The roots of any plant are its anchor and foundation; they are the essential parts that support and nourish the plant. As graduates of the Institute for Integrative Nutrition in New York, Lisa Wilson and I both had the opportunity to learn about Chinese Medicine dietary theories and other theories like the Energetics of Food. In both these traditions, it is thought that root vegetables lend their "grounding" properties to us when we eat them, making us feel physically and mentally "rooted", increasing our stability, stamina, and endurance.
Roots are a rich source of nutritious complex carbohydrates, providing a steady source of necessary sugars to the body. Instead of upsetting blood sugar levels like refined sweet foods, they regulate them. Since they absorb, assimilate, and supply plants with vital nutrients, roots likewise increase absorption and assimilation in our digestive tracts.
Long roots include carrots, parsnips, burdock and daikon radish. Round roots include turnips, radishes, beets and rutabagas. Long roots like burdock and daikon are excellent blood purifiers and can help improve circulation in the body and increase mental clarity. Round roots are nourishing to the stomach, spleen, pancreas and reproductive organs and can help regulate blood sugar, moods, and alleviate cravings.
To begin experimenting with food and how it effects your mood and well-being, simply follow the action steps below.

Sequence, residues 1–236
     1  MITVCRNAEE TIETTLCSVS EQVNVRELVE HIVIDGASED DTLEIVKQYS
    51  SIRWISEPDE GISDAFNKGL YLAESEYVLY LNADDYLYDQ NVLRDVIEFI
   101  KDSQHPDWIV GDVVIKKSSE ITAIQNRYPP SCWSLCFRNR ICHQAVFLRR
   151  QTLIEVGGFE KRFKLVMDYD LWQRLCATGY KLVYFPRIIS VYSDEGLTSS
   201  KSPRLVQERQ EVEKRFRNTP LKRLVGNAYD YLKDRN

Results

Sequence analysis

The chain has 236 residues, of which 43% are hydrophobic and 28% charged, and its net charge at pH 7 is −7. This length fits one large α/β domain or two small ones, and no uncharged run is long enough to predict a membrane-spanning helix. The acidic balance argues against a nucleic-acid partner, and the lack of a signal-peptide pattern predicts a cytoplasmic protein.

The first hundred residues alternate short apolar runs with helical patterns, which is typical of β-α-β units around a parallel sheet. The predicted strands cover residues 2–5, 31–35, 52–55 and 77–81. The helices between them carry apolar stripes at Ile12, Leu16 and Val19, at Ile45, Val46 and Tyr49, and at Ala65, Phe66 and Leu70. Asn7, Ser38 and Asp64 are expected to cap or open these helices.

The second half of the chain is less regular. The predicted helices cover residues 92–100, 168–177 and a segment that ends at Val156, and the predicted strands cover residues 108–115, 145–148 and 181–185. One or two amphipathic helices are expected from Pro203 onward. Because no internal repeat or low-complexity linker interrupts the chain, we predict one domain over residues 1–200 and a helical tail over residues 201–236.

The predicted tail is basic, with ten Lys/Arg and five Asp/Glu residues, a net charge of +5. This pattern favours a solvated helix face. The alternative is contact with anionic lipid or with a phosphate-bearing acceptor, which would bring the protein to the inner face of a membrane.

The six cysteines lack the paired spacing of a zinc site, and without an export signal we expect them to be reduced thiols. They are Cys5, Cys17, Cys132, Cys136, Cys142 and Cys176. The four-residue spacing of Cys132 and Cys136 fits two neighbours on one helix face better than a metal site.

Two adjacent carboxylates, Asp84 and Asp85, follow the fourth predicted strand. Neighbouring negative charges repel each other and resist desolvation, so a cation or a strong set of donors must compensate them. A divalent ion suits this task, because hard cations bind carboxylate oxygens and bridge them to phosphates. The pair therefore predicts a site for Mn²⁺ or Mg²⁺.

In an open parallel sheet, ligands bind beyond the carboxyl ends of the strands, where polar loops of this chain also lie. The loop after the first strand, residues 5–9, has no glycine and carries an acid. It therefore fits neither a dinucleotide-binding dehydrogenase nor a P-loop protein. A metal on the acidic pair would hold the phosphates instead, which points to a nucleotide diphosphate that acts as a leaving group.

ACTION STEP #1
Try the recipe below for a quick and delicious way to get root vegetables into your diet:
Recipe of the Month: Roasted Root Vegetables
Prep time: 10 minutes
Cooking time: 25-35 minutes
Yield: 4-6 servings
1 sweet potato
2 turnips or 1 large rutabaga
1 daikon radish (or substitute/add in your favorites, like squash)
salt and pepper
herbs: rosemary, thyme or sage (fresh if possible)
1. Pre-heat oven to 375 degrees.
2. Wash and chop all vegetables into large bite-sized pieces.
3. Place in a large baking dish.
4. Drizzle with olive oil; mix well to coat each vegetable lightly with oil.
5. Sprinkle with salt, pepper and herbs.
6. Bake uncovered for 25-35 minutes until vegetables are tender and golden brown, checking every 10 minutes to stir and make sure veggies are not sticking.
Note: Any combination of vegetables will work. Roasting only one kind of vegetable also makes a nice side dish.
ACTION STEP #2
Watch an easy "how-to" video created by my teaching partner Lisa Wilson to see how easy it is to make Roasted Root Vegetables.
Watch Lisa Wilson's Video of the Month: How To Make Roasted Root Vegetables
ACTION STEP #3
Discover the right foods to heal your body and control your weight by joining our coaching program Weight Loss For Tired People. Enroll by the end of December to get 2009 prices. Prices will be going up in 2010. Classes begin January 12, 2010.
For more information go to the NIHA Nutrition and Wellness Program. Or, for a free consultation to see if the program is right for you, call me directly:
Eve Colantoni (202) 297-3707 or send an email to eve.colantoni@NIHAdc.com